More here. By the way that document, which had been available for public viewing, is no longer. Last evening the Radio-Canada investigative journalism program Enquêtes probed cop violence and other aspects of the G20. It made a case for the argument that activists from Québec were strategically targeted for pre-emptive and particularly brutal apprehension. This is an adaption of the joint news documentary it produced with CBC's Fifth Estate. In other news related to the G20, the tabling of Auditor General Sheila Fraser's forensic scrutiny of its MASSIVE costs is delayed until Parliament resumes. No chance that information can be publicly disclosed during the election since the document is under lock and key. That blast of expelled fetid air you just heard is a sigh of relief from Contempt leader Harper and his ex-PMO politburo.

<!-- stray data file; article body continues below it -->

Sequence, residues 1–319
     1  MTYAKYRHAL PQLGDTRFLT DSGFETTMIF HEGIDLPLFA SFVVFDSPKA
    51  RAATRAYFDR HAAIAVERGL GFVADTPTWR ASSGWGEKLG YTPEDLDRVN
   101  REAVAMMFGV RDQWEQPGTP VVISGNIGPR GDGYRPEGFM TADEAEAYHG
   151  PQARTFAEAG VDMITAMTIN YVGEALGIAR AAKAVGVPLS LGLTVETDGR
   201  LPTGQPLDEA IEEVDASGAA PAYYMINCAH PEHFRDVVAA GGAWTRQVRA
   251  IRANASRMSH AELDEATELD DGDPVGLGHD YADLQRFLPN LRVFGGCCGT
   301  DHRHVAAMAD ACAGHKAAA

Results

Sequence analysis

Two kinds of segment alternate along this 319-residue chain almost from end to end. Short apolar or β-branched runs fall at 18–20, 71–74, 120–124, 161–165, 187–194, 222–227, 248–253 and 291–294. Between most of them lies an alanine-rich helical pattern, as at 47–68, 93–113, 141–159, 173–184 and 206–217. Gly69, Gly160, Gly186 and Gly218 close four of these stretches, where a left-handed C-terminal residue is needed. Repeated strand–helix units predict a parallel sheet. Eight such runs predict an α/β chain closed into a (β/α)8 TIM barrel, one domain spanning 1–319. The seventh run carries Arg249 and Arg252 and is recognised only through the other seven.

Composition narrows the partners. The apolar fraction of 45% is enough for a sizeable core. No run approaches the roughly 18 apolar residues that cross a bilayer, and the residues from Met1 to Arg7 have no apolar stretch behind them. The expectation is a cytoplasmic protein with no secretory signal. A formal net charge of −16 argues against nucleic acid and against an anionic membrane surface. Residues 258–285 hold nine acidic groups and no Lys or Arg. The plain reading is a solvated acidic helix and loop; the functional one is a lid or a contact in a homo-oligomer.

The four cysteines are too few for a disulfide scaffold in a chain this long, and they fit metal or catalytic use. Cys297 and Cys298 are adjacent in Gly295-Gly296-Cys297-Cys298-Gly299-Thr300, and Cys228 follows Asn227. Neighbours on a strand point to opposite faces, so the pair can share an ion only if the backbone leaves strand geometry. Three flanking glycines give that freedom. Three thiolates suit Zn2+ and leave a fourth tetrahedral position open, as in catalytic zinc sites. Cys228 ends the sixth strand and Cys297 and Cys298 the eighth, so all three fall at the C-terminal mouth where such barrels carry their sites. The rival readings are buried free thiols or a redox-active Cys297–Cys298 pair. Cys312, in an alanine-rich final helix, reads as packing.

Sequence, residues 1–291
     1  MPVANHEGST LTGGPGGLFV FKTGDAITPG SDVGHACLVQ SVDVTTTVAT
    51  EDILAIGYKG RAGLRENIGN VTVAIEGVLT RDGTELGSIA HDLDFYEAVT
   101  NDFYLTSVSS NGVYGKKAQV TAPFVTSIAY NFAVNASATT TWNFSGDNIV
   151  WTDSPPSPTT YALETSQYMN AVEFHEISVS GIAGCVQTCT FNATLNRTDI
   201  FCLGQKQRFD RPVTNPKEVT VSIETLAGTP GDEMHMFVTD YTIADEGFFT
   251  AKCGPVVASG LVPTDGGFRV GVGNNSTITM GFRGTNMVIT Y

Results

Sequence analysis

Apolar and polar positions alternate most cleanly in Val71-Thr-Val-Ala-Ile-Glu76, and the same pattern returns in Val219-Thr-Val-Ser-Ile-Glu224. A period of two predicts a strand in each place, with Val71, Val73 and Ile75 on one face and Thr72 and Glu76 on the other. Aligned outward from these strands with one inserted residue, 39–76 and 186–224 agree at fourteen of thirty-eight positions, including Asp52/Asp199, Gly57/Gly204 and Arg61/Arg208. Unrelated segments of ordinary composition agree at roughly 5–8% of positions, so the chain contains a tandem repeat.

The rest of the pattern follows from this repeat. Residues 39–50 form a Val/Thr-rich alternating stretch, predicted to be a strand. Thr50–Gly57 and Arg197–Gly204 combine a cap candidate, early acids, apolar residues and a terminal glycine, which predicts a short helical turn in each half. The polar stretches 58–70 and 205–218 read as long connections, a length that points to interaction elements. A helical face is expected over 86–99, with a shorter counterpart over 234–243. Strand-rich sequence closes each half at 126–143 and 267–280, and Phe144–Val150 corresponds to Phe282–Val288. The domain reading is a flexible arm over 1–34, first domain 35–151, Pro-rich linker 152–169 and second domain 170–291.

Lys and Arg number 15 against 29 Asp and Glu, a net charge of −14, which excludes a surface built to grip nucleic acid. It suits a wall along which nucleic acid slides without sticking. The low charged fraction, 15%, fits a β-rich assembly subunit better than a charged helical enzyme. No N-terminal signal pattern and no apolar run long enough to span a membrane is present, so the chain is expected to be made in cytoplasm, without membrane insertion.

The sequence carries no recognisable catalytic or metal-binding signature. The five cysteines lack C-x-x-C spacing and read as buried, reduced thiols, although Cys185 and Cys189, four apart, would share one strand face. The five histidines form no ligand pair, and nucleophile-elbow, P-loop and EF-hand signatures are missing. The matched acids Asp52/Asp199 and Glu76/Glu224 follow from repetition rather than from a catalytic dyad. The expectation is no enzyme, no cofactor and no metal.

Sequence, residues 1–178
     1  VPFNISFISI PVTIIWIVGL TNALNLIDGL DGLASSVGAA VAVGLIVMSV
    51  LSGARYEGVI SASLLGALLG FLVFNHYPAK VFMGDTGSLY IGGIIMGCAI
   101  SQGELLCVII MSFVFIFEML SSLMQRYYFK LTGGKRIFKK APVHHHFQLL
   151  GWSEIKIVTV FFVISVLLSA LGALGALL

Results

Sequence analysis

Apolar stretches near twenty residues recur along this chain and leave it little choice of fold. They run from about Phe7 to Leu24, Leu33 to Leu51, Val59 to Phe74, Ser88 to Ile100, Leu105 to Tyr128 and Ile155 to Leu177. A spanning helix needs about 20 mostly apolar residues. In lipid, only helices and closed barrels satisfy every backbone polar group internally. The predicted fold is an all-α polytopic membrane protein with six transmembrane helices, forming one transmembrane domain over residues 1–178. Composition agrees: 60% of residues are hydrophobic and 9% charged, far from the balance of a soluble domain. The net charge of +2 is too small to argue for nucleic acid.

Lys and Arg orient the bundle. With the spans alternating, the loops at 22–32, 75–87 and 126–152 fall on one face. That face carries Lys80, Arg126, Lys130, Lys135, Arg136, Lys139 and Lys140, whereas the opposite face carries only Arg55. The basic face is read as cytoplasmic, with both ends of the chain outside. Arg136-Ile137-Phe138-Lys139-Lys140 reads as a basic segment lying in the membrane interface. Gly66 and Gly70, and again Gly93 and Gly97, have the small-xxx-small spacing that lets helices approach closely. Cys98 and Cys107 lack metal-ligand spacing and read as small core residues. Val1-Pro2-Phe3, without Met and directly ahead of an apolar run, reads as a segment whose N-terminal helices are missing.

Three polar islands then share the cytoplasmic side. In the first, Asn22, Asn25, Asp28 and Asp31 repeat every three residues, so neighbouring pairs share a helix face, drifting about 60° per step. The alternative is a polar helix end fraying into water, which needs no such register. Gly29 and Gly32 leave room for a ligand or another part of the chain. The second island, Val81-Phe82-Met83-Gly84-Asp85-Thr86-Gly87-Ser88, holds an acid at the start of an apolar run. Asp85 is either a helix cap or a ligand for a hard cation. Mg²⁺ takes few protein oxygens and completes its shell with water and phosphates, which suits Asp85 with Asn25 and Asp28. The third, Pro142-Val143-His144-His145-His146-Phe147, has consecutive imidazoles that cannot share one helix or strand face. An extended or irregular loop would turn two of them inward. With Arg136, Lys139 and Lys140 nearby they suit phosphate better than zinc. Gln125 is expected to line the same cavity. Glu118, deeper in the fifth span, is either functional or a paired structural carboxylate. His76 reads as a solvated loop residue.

A parliamentary committee studying last summer's G8 and G20 summits is calling for a full judicial inquiry into the events' policing and security.
In a report tabled Friday before the government fell, MPs listed 12 recommendations and insisted that the federal government issue an apology to "thousands of Canadians and visitors to Toronto who had their rights violated during the G20 summit."
Friday, 1 April 2011
All snerking aside about how the G20 provided a boost to the
local economy police officers's salary, the report tabled in the House of Commons last Friday (and it seems, eons ago) by the House of Commons Standing Committee on Public Safety and National Security released was not positive about Contempt leader Harper's shindig.